Organise to make the future safe and equal for all

Submitted by AWL on 24 June, 2020 - 8:09 Author: Editorial
BLM protest sign

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The great wave of street protests after the killing of George Floyd on 25 May still continues, but the pace looks like slowing. Activists will be thinking about how they can continue their efforts over the months and years needed to win and consolidate change.

That this killing has generated so broad a protest must be partly because a pandemic which has hit the worst-off hardest everywhere, and a wave of job cuts which has done similar, especially in the USA, are in everyone's minds.

Slogans like "jobs and homes for all" have spoken to those "hidden" factors.

In some ways the wave of protests has been unique. It has been very heavily a movement of young people.

Many demonstrators have told us that they were on the streets to protest for the first time in their lives. They were too young to join the big demonstrations against cuts between 2010 and 2015.

The big Brexit demonstrations, or the school student climate protests, maybe seemed to them less urgent.

The protesters have been receptive to left activists joining them, but the labour movement (and often even the left, apart from Workers' Liberty and the Socialist Party) has been mostly absent, preoccupied or subdued by the virus lockdown.

It has been a united multi-ethnic movement, including many young white and Asian people as well as Black. It has had few specific demands. Its keynote ideas have been equality, solidarity, unity. Calls for aid to black-owned businesses and the like have been marginal.

Workers' Liberty proposes to the new young activists that they join us in the work, over months and years, to transform the labour movement and win it to develop demands of a "levelling-up", class-unifying, and anti-capitalist character.

Against the pandemic, the demands agitated for by the Safe and Equal campaign. Full isolation pay for all. Requisitioning of industry for PPE and other medical supplies. Bring care homes into the public sector, and care home workers into public sector pay and conditions.

A public health test-trace-isolate operation, run by local public health officials with properly-employed public sector staff, not the current cheapskate operation, contracted out to Serco for the tracing and Deloitte for the testing.

Provide special accommodation for people required to self-isolate who live in crowded conditions. Start a crash campaign to build new social housing, or convert buildings to social housing, so that everyone can gain the right to good, affordable, and uncrowded housing.

All these are, in the actual conditions, anti-racist demands, as "civil rights" were in the USA of the 1960s an anti-racist demand.

Against the job cuts which began at the start of the lockdown and are now escalating: a shorter work week with no loss of pay. Shift to a standard working week of four days or 32 hours. Expand public service jobs in health care, in social care, and elsewhere.

Take the giant manufacturing and aviation firms declaring job cuts into public ownership, and reorganise their equipment and workforce skills towards green and socially-useful production.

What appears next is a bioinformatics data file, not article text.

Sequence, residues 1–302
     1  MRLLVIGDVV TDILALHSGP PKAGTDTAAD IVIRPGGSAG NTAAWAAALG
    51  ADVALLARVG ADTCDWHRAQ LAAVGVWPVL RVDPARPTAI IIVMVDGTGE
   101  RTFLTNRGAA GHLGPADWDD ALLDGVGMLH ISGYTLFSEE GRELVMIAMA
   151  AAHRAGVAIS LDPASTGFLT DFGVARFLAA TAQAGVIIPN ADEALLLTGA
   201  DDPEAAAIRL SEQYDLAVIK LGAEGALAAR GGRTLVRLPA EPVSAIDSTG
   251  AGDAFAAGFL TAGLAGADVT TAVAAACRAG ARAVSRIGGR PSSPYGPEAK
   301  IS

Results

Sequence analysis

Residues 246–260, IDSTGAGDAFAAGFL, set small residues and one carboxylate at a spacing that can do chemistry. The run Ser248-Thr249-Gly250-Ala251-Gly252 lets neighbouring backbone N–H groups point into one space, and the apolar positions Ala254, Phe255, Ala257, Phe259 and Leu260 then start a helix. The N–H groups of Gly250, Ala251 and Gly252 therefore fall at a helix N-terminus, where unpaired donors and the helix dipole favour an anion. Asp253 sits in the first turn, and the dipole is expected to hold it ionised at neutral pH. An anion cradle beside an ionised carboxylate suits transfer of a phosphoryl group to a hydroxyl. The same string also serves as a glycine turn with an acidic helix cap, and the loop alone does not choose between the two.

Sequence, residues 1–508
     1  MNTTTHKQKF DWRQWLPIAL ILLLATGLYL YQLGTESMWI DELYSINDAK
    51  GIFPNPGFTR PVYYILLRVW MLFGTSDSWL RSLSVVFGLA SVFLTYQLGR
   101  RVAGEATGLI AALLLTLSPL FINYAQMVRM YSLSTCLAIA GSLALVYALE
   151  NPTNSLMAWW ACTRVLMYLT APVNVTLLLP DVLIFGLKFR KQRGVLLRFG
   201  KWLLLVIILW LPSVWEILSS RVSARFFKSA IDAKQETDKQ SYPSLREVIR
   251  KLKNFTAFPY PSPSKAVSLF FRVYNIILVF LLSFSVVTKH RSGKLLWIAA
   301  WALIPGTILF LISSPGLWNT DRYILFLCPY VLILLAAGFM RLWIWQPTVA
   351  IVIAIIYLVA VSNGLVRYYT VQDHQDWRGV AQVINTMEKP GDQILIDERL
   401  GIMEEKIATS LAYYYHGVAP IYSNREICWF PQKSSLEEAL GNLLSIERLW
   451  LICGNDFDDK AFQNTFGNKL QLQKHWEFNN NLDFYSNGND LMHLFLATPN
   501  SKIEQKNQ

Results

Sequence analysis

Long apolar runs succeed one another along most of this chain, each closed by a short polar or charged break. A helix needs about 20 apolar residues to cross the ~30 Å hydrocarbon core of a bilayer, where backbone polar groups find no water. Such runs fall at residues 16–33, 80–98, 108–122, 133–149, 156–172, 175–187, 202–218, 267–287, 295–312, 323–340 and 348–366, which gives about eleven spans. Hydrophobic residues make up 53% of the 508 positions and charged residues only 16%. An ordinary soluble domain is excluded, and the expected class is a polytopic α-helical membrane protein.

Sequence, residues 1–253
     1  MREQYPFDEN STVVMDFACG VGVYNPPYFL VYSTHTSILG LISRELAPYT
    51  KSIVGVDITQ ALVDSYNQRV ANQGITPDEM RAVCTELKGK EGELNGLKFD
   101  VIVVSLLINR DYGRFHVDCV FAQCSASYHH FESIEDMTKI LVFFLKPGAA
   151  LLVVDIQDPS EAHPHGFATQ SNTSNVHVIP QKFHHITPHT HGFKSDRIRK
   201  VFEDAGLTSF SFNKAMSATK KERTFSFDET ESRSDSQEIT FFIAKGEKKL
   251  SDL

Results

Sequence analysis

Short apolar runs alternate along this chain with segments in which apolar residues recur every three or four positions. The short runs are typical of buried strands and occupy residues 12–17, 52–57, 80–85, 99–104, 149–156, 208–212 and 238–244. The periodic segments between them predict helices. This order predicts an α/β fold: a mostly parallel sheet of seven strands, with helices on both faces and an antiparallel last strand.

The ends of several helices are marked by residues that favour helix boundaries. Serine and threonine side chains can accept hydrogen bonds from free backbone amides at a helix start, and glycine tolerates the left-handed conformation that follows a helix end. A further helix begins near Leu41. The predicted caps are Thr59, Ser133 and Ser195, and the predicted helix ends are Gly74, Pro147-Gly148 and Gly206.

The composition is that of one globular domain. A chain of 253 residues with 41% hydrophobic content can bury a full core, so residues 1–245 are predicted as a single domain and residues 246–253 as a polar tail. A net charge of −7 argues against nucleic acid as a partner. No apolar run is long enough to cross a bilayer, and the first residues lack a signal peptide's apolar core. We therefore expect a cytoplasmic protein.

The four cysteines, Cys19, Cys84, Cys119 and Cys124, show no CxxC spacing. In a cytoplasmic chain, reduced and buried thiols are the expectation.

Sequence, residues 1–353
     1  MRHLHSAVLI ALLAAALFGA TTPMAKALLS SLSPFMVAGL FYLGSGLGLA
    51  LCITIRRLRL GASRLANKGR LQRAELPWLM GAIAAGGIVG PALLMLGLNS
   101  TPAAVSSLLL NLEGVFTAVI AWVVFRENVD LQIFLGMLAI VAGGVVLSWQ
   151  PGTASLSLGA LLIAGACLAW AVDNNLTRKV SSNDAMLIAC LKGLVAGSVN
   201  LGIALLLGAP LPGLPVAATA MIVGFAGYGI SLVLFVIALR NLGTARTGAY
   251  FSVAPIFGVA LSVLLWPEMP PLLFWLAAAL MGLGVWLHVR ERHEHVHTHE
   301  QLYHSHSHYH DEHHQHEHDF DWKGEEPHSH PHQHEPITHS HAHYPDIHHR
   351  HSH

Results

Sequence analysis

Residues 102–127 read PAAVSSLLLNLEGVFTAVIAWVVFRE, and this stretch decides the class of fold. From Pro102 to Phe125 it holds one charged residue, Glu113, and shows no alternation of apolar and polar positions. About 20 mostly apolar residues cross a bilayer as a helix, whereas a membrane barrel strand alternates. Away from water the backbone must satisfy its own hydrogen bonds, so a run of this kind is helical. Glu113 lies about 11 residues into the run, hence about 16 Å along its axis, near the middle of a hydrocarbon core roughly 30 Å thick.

Against the Tories, and against their planned "hard Brexit" and reorientation to a trade deal with Trump's USA, renovate the labour movement. Allow local Labour Parties to meet and decide politics, revive trade union activity to fight for workers' rights.

In the Labour Party in the Corbyn years we failed to win a revitalisation and democratisation of Young Labour or of Labour Students. Labour's Black and Minority Ethnic sections also remain weak.

This means that local unions and Labour Parties must think about creating special youth and anti-racist campaign bodies accessible to the sort of young people who have joined the Black Lives Matter protests.

In Britain, Asian and Black African students do better at getting to university than white British students, and white British students have a higher school exclusion rate than any group of Asian students or than Black African students. That provides levers to combat racism in schools and universities, rather than suggesting it has vanished (across history, as for example Jewish migrants even in many countries with heavy antisemitism have shown, young people of immigrant background often do better in education than the stay-at-home population, despite prejudice and economic disadvantage, unless the disadvantage is overwhelming. That helps them fight discrimination for those coming after them).

Afro-Caribbean or "mixed heritage" students have a still higher exclusion rate. Non-white students on average do worse at university, and in jobs after university, than the white students (a middle-class minority) alongside them there.

The GCSE history curriculum of the biggest exam board, Edexcel, includes options on medieval English history, US history, China, the USSR, the Middle East, and the rise of the Nazis in Germany, but nothing about the slave trade, slave revolts, the British Empire, India, Africa, the French revolution, or labour history.

We now have levers to bring such issues into the labour movement, to renovate it to become more powerful and unifying, and to win increasing sections of the labour movement as vehicles for continuing and effective activity for the new young activists.

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